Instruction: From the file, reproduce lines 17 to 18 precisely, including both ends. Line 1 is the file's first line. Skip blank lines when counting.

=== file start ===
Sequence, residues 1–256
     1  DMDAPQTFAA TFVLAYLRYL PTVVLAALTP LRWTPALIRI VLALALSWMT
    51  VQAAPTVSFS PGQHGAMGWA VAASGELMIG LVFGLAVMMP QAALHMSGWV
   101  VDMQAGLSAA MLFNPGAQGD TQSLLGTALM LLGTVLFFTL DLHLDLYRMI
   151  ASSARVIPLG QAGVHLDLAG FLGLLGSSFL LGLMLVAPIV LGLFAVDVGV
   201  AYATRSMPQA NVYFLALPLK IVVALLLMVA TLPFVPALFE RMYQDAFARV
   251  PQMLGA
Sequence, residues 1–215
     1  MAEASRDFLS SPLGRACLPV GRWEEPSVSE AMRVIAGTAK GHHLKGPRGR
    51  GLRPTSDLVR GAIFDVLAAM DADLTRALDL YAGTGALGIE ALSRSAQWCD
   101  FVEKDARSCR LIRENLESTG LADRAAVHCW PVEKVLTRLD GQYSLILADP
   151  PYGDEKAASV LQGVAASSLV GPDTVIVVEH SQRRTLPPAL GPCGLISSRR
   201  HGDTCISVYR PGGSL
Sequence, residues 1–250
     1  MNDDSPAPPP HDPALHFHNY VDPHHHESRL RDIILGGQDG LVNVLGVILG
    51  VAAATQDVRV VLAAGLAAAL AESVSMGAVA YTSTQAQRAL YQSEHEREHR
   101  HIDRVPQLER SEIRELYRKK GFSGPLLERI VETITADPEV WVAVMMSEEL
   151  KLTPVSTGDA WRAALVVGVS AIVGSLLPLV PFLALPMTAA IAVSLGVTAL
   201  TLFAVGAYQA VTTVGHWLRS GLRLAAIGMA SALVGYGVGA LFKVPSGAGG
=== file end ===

   101  HIDRVPQLER SEIRELYRKK GFSGPLLERI VETITADPEV WVAVMMSEEL
   151  KLTPVSTGDA WRAALVVGVS AIVGSLLPLV PFLALPMTAA IAVSLGVTAL